The Science of May

Hello friends! How many of you are celebrating 5 more Mondays left in the school year?! 

 I know some teachers who are counting down the days! My boys though?!?! Notsomuch....and if I'm being honest, neither am I. I'm SO grateful they LOVE school as much as they do...and I can attribute that directly to their amazing teachers. They've instilled a love of learning in my boys and that's a debt I'll never be able to repay. But me?!?! Well...I'm not ready to say goodbye to those teachers. God has truly placed the boys exactly where they needed to be. He's given them teachers who not only teach them, but love them, nurture their abilities, challenge them, and hold them to high standards. Gah.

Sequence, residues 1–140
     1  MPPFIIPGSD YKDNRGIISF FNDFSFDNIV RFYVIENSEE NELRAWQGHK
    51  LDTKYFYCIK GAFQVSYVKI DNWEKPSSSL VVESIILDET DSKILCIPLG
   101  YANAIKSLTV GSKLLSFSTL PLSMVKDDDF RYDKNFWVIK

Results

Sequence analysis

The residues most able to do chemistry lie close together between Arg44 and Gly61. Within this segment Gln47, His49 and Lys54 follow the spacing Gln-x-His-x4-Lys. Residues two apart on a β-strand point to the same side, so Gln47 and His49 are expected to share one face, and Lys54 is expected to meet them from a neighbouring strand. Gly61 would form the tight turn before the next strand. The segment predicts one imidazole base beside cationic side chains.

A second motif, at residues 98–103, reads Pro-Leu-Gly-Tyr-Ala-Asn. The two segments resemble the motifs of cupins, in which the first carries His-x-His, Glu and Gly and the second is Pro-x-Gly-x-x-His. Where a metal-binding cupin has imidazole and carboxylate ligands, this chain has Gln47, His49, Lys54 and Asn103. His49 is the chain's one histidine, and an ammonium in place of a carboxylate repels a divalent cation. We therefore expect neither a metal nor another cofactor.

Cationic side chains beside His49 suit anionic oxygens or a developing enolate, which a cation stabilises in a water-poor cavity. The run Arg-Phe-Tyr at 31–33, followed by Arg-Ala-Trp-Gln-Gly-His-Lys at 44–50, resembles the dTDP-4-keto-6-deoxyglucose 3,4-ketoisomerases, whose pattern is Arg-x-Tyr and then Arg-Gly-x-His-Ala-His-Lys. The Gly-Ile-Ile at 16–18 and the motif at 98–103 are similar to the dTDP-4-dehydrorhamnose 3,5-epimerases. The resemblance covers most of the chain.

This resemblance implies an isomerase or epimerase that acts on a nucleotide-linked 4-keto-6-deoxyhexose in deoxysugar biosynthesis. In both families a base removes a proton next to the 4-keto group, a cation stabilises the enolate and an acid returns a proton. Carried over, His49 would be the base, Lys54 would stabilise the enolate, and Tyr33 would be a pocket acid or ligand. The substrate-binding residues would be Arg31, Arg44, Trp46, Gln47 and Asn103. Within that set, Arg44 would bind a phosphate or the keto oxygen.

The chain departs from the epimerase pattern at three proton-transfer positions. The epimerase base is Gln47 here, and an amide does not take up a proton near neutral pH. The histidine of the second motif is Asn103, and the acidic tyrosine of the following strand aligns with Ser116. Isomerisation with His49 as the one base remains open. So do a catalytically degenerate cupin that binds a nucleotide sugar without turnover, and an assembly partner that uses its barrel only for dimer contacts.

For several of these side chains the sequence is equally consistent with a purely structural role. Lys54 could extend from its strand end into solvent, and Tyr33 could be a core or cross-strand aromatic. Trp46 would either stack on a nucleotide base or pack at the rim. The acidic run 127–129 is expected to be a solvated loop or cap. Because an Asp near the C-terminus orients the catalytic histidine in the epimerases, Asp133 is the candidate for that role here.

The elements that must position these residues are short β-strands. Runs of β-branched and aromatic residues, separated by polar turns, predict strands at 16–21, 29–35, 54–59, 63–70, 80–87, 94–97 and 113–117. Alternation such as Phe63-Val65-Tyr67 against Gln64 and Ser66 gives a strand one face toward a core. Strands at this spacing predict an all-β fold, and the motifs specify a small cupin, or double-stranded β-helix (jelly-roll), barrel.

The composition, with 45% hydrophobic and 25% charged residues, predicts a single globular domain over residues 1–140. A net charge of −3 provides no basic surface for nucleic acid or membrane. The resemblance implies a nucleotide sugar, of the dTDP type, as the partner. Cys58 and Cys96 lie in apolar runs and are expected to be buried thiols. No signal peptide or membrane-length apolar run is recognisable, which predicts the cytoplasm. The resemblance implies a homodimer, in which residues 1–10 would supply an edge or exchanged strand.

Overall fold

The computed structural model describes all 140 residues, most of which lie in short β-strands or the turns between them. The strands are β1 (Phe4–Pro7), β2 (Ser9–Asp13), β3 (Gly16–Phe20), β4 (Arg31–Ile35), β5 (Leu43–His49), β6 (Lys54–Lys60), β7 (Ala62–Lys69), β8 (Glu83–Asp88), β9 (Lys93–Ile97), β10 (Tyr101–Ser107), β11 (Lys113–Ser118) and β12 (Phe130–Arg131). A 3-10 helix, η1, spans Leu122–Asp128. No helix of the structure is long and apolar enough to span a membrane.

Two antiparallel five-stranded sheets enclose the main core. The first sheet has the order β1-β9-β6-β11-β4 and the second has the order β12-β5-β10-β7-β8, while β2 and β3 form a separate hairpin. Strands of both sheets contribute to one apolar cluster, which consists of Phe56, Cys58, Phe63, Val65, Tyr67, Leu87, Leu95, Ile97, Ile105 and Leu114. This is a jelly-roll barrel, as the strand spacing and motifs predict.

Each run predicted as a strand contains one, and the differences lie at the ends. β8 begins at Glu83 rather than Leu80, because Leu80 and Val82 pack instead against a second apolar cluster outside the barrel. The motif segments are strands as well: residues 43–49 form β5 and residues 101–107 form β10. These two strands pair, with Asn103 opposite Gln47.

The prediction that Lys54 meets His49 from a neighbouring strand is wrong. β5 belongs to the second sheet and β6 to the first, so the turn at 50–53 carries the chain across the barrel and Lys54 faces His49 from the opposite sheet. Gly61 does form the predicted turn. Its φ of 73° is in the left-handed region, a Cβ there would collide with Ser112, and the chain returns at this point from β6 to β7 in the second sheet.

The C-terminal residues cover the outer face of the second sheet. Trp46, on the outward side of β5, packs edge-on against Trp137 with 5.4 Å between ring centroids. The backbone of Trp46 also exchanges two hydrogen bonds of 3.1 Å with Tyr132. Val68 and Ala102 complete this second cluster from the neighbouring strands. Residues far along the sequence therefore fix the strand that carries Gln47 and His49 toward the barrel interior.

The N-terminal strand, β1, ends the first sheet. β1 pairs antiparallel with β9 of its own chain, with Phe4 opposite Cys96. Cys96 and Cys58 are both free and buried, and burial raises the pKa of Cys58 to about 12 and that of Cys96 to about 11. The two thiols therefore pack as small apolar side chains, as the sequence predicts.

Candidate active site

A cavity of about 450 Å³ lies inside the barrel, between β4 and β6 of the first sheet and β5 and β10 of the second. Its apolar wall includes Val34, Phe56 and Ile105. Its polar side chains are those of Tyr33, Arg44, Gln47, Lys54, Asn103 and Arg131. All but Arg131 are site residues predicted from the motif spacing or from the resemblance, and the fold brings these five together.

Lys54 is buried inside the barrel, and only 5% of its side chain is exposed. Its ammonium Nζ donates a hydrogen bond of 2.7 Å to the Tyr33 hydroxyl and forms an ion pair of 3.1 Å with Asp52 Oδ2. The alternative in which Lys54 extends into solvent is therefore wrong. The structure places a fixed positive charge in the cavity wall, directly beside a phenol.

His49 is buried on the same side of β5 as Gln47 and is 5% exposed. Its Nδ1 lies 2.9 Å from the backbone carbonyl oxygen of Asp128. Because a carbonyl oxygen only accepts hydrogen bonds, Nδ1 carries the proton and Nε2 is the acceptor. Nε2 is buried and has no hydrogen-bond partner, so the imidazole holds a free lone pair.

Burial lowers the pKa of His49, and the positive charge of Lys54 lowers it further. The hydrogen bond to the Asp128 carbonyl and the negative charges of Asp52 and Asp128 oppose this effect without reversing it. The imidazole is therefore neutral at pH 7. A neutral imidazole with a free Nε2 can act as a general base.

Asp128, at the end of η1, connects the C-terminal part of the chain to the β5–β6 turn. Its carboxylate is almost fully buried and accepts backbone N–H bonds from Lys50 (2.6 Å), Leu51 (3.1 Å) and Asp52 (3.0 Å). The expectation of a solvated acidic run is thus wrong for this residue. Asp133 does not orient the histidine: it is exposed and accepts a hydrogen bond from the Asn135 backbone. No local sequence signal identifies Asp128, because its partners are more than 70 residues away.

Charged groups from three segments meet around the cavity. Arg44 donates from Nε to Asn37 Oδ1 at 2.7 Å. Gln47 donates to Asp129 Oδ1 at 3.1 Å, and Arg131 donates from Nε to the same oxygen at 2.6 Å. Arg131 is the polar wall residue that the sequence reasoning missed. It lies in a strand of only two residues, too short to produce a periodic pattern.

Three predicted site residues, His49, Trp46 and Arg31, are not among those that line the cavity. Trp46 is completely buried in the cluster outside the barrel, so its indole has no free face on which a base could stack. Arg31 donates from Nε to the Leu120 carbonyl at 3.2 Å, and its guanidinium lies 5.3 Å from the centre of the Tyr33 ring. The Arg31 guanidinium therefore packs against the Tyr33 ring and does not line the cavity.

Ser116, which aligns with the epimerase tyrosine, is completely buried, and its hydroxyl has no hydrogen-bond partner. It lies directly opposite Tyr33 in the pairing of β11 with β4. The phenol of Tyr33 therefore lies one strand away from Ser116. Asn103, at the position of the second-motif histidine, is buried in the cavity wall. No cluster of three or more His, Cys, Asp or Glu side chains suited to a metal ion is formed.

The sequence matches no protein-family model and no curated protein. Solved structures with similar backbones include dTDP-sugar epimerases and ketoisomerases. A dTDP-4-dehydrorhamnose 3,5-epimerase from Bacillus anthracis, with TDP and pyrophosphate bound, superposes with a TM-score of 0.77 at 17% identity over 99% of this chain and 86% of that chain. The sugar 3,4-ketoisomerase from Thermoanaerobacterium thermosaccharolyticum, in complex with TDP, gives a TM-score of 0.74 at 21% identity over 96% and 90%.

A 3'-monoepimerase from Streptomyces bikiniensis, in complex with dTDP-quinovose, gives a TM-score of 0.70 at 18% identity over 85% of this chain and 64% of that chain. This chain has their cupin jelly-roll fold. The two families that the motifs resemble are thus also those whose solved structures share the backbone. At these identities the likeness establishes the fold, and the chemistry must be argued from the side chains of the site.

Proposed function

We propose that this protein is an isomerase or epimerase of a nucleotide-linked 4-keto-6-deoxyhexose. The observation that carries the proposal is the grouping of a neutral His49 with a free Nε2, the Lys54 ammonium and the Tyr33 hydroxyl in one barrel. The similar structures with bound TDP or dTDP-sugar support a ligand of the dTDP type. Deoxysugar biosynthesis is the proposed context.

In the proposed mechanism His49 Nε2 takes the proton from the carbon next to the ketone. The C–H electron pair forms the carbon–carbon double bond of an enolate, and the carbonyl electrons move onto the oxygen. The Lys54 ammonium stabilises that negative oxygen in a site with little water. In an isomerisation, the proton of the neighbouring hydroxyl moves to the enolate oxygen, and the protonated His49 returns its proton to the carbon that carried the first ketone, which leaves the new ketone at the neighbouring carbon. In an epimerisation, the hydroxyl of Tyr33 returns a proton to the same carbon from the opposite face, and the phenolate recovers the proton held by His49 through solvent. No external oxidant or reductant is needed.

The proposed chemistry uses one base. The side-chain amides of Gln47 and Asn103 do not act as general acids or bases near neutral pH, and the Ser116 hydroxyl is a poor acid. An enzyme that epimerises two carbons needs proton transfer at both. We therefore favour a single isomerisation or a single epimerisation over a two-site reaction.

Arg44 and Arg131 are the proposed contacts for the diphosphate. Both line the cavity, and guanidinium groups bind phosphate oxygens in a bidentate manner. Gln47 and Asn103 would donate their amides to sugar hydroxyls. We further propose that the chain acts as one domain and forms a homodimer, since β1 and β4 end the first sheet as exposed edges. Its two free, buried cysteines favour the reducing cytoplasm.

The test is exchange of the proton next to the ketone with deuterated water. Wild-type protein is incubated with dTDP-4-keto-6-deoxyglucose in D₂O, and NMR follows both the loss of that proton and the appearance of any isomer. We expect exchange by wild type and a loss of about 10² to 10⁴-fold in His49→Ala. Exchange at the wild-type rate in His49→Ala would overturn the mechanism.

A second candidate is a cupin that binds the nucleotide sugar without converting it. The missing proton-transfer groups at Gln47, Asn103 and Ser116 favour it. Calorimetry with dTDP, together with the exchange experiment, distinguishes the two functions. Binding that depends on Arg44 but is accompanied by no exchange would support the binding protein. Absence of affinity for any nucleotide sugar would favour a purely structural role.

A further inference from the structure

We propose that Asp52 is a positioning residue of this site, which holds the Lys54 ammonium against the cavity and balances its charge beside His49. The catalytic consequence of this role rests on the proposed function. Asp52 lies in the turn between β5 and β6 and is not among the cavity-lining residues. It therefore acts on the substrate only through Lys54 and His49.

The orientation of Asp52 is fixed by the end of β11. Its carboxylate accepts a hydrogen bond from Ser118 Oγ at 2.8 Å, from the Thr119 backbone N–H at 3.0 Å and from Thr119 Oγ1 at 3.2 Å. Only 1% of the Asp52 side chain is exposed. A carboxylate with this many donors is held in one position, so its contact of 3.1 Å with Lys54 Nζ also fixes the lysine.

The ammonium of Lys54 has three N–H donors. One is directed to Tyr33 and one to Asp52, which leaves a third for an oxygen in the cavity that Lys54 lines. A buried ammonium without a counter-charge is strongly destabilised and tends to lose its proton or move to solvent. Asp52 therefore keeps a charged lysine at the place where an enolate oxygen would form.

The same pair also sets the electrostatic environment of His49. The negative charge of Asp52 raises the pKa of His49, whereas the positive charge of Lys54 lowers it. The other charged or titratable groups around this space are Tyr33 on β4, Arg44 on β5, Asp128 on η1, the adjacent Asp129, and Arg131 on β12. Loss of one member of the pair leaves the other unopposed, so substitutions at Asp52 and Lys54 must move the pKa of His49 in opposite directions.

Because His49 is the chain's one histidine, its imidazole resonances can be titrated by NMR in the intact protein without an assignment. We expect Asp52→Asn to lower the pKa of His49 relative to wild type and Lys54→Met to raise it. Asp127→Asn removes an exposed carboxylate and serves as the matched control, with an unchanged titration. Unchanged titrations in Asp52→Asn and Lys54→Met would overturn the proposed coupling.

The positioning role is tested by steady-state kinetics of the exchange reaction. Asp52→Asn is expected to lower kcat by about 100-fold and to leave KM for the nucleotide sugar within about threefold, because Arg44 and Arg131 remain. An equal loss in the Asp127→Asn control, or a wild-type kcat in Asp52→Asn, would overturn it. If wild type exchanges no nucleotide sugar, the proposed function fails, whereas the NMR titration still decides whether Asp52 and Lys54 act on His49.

Speaking of teachers, next week is Teacher Appreciation Week! Are y'all screaming a not-so-silent 'WOO HOOO!!!!!!"?!?!?! I always loved Teacher Appreciation Week because the kids were SO excited to bring in handwritten notes and their very best illustrations to show me how much they loved me. Those handwritten notes and illustrations were always a highlight of my year. Would you believe I still have notes and pictures saved from my first year teaching 13 years ago?!?!?! Now those babies are in college. DEAR.LORD!!!!! I'm sure their handwriting and drawing skills have changed considerably since then ;) In honor of our favorite teachers, I went ahead and ordered some of these PRECIOUS cookies!!!! Are these not darling?! I can't wait to get them!!! I ordered them from a teacher I found on IG who teaches by day and bakes by night. I love supporting teachers because, well, y'all are my people :)